Axel Schweickert

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The RNA-binding protein Bicaudal C is an important regulator of embryonic development in C. elegans, Drosophila and Xenopus. In mouse, bicaudal C (Bicc1) mutants are characterized by the formation of fluid-filled cysts in the kidney and by expansion of epithelial ducts in liver and pancreas. This phenotype is reminiscent of human forms of polycystic kidney(More)
Determination of the vertebrate left-right body axis during embryogenesis results in asymmetric development and placement of most inner organs. Although the asymmetric Nodal cascade is conserved in all vertebrates, the mechanism of symmetry breakage has remained controversial. In mammalian and fish embryos, a cilia-driven leftward flow of extracellular(More)
Generation of laterality depends on a pathway which involves the asymmetrically expressed genes nodal, Ebaf, Leftb, and Pitx2. In mouse, node monocilia are required upstream of the nodal cascade. In chick and frog, gap junctions are essential prior to node/organizer formation. It was hypothesized that differential activity of ion channels gives rise to(More)
The larval epidermis of Xenopus is a bilayered epithelium, which is an excellent model system for the study of the development and function of mucosal and mucociliary epithelia. Goblet cells develop in the outer layer while multiciliated cells and ionocytes sequentially intercalate from the inner to the outer layer. Here, we identify and characterise a(More)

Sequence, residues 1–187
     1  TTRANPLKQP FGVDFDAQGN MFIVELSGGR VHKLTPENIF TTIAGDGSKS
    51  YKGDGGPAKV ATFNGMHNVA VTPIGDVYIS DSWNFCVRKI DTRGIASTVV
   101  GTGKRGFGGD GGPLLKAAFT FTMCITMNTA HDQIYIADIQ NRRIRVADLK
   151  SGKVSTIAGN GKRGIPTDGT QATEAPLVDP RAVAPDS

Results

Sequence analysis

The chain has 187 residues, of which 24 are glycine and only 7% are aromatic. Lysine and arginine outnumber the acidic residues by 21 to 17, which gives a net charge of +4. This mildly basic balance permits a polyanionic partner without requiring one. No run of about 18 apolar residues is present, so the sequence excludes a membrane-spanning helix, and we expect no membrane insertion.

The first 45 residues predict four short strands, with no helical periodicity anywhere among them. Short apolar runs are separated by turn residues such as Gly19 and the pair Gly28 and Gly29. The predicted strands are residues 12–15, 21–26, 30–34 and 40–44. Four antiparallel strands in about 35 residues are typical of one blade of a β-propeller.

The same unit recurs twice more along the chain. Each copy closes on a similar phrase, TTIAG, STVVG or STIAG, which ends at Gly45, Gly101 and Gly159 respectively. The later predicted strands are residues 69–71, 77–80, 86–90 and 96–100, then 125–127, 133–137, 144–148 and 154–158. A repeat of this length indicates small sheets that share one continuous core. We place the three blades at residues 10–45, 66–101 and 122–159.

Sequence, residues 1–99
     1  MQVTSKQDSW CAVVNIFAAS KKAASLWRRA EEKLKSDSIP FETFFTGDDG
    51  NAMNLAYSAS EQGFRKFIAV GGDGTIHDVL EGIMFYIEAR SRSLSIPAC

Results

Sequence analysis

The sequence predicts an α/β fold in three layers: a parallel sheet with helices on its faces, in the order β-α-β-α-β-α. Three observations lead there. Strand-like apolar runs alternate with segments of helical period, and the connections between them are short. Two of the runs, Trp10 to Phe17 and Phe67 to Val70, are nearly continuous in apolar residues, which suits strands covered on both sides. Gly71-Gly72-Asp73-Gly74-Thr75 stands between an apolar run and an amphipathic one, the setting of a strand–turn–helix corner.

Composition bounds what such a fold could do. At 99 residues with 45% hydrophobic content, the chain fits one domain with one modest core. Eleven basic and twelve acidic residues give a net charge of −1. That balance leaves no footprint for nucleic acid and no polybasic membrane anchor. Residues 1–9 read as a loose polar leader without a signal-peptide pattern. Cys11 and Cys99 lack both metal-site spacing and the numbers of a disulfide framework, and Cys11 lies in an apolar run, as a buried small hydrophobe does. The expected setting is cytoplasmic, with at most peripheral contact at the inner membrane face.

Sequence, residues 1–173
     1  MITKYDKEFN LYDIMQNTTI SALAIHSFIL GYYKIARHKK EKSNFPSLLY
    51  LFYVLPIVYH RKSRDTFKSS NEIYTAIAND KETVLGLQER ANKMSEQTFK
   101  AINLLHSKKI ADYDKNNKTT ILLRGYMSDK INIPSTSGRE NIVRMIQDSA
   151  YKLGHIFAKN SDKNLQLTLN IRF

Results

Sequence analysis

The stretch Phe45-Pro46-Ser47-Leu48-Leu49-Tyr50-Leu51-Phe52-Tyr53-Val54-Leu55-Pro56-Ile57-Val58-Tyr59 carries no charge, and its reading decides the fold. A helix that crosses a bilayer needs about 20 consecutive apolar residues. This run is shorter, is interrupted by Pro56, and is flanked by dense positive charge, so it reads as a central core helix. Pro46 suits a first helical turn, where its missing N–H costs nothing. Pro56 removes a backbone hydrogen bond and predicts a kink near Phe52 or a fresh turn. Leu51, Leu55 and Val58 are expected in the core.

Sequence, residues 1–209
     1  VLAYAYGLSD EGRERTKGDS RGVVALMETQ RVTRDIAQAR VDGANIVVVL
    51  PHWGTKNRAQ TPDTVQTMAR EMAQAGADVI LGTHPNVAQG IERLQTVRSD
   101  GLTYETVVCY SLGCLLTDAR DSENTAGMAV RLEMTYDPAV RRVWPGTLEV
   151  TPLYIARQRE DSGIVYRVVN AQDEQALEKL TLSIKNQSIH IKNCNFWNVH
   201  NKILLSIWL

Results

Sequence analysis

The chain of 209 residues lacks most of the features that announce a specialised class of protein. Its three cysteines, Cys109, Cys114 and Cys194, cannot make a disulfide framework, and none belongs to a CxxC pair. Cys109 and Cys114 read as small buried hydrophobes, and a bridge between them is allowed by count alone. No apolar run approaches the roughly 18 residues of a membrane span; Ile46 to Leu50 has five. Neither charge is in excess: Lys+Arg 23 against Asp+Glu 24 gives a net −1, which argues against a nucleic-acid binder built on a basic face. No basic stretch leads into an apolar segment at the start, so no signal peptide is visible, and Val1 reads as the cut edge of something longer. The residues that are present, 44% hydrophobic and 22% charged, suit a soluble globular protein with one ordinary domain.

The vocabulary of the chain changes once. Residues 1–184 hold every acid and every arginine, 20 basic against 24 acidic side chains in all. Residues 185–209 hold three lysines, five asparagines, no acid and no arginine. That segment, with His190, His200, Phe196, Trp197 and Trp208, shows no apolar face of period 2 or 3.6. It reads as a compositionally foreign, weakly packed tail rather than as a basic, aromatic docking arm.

In vertebrates, most inner organs are asymmetrically arranged with respect to the main body axis [1]. Symmetry breakage in fish, amphibian, and mammalian embryos depends on cilia-driven leftward flow of extracellular fluid during neurulation [2-5]. Flow induces the asymmetric nodal cascade that governs asymmetric organ morphogenesis and placement [1, 6, 7].(More)
Leftward flow of extracellular fluid breaks the bilateral symmetry of most vertebrate embryos, manifested by the ensuing asymmetric induction of Nodal signaling in the left lateral plate mesoderm (LPM). Flow is generated by rotational beating of polarized monocilia at the posterior notochord (PNC; mammals), Kupffer's vesicle (KV; teleost fish) and the(More)
Vertebrate organ laterality is manifested by the asymmetric morphogenesis and placement of inner organs. Asymmetric induction of the Nodal signaling cascade in the left lateral plate mesoderm (LPM) precedes and is essential for asymmetric organ morphogenesis. While the Nodal cascade is highly conserved, symmetry breakage is considered to vary between the(More)
Vertebrate laterality, which is manifested by asymmetrically placed organs [1], depends on asymmetric activation of the Nodal signaling cascade in the left lateral plate mesoderm [2]. In fish, amphibians, and mammals, a cilia-driven leftward flow of extracellular fluid acts upstream of the Nodal cascade [3-6]. The direct target of flow has remained elusive.(More)
During vertebrate embryogenesis, a left-right axis is established. The heart, associated vessels and inner organs adopt asymmetric spatial arrangements and morphologies. Secreted growth factors of the TGF-beta family, including nodal, lefty-1 and lefty-2, play crucial roles in establishing left-right asymmetries [1] [2] [3]. In zebrafish, nodal signalling(More)
During vertebrate left-right development the homeobox gene Pitx2 serves as a mediator between transient nodal signaling in the left lateral plate mesoderm (l-LPM) and asymmetric organ morphogenesis. Misexpression of Pitx2 in chick and frog led to alteration of organ situs. Here we report the presence of different Pitx2 isoforms in mouse and frog. Pitx2c but(More)